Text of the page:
"I was really happy we got to rest the bullpen," Gardenhire said, with his words clearly dripping of sarcasm. "But we were looking for a good start tonight and we got one. And it was a good win for us."
The start by Baker was the kind the Twins had been hoping to see from the right-hander. After all, Baker's dominant debut for Minnesota in Milwaukee on May 19 had the Twins thinking that they had a different pitcher on their hands this season.
But it took Baker until Tuesday night to show the Twins another glimpse of that dominant pitcher. He certainly did this time, giving up just one run over seven-plus innings in his first quality start since that debut outing.
It ended up being a no-decision for the starter, despite Baker's dominant outing. But that didn't take away from the fact that the right-hander certainly looked like a different pitcher than the one who gave up five or more runs in three of his last four starts. Instead, Baker effectively shut down a tough Blue Jays lineup, allowing just the one run on four hits and striking out a career-high nine batters.
"He pitched very, very well," Gardenhire said of Baker. "He used all of his pitches, located the ball and had a great slider tonight against a good-hitting baseball team. He did a fantastic job.
And the difference this time around for Baker?
"I think my stuff was basically the same," Baker said. "It was just better location of pitches with two strikes."
And for as effective as Baker was, the bullpen was equally as dominant. Four Twins relievers combined to retire 15 straight batters and gave the club a chance to eek out the victory.
Though the Twins had hoped to give their 'pen a rest, in the end, it was the chance at a victory that overruled any thoughts of limiting how many relief pitchers they used.
"You get in these games and you have to keep running them out there," Gardenhire said of his 'pen. "They are warriors [who are] going to go out there and take the ball. They pitched very, very well tonight. Both sides did. Now we'll just have to regroup tomorrow and see where we're at."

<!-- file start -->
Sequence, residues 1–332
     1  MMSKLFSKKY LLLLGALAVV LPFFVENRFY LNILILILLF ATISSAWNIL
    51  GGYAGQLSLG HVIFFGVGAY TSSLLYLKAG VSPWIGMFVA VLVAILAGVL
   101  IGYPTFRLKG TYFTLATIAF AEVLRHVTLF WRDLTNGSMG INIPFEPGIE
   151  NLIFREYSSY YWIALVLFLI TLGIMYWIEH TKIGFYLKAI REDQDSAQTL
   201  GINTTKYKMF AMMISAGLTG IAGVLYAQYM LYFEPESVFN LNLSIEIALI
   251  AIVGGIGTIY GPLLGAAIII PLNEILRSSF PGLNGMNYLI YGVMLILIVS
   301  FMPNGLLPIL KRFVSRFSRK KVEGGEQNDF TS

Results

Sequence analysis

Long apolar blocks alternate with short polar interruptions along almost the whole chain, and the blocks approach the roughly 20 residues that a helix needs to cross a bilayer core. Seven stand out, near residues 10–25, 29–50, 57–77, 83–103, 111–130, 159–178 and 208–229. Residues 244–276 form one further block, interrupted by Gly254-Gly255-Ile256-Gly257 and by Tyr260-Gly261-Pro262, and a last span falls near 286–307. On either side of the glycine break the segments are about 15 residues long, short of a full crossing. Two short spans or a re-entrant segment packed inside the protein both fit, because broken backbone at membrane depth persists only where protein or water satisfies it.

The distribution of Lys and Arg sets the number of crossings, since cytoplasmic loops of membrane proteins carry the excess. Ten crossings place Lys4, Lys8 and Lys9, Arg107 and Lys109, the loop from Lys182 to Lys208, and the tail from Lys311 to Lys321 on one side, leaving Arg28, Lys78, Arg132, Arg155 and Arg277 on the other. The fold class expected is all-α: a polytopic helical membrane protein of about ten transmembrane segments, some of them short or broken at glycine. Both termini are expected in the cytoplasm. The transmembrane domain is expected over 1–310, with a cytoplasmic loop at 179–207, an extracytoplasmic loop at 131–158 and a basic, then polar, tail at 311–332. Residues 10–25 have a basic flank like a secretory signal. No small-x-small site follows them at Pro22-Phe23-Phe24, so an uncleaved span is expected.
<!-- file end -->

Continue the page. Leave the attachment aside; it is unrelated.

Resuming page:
Gardenhire was pleased with what he saw from his 'pen but he had to watch it from the television in his office. The Twins skipper earned his fourth ejection of the season while arguing a play at home plate in the bottom of the seventh. It came after the Twins had taken a 1-0 lead in the inning.
A one-out walk by Michael Cuddyer got the scoring started off Toronto starter Shaun Marcum and Torii Hunter followed with a single to left. Jason Kubel doubled to right to score Cuddyer and Hunter advanced to third. Mike Redmond then flew out to right field and Hunter tried to beat the throw home. But the throw by Blue Jays right fielder Alex Rios reached catcher Gregg Zaun in time and home-plate umpire Mike Winters ruled Hunter out on Zaun's tag.
Hunter began to argue with Winters and Gardenhire intervened before his center fielder could get tossed. Gardenhire's decision to argue was more of an attempt to keep Hunter in the game than to argue to the call. And afterward, Gardenhire admitted that Winters made the correct call.
"He made the right call," Gardenhire said of the play. "It looked on the replay like [Zaun] tagged Torii's batting gloves hanging out. So maybe we'll just have to tuck them in a little more next time."
It may have been the right call, but the missed scoring opportunity would prove costly as Baker allowed his lone run in the eighth inning to knot the game up at 1. Baker faced just two batters in the inning, walking Zaun to lead off and then giving up a single to Aaron Hill that put runners at first and second. That was it for Baker but Zaun scored two batters later on a John McDonald sac fly.
A seesaw battle between the two strong staffs ensued after that before the Twins finally were able to capitalize on their rally in the 12th.
Two hits and an intentional walk to Redmond loaded the bases with two outs in the inning. Up to bat was Jason Tyner, but with a lefty on the mound, the Twins went to Jeff Cirillo off the bench.
The Twins signed Cirillo this offseason, in large part due to his knack for hitting left-handed pitching. So when Cirillo got the opportunity Tuesday night, he took advantage, hitting a high fly ball into shallow center field that dropped in for the game-winner. Cirillo, sore knees and all, certainly did what he was brought in to do, even if he admitted that it wasn't quite the way he had hoped for it to happen.
"I almost feel a little guilty in the sense that the ball fell," Cirillo said of his blooper. "But that's baseball, and I'm sure plenty of times in my career I've lined out to end games. And every hit counts. So it's weird that you're celebrating a hit but it's a bloop hit. But we're like, 'Whatever, all right, let's jump up and down and go home.'"
And no one was happier than Gardenhire that Cirillo's ball fell in for a hit.
"We needed to end that game," Gardenhire said. "We needed to get away without having to send another pitcher out here. It was a long night but a good win for our baseball team."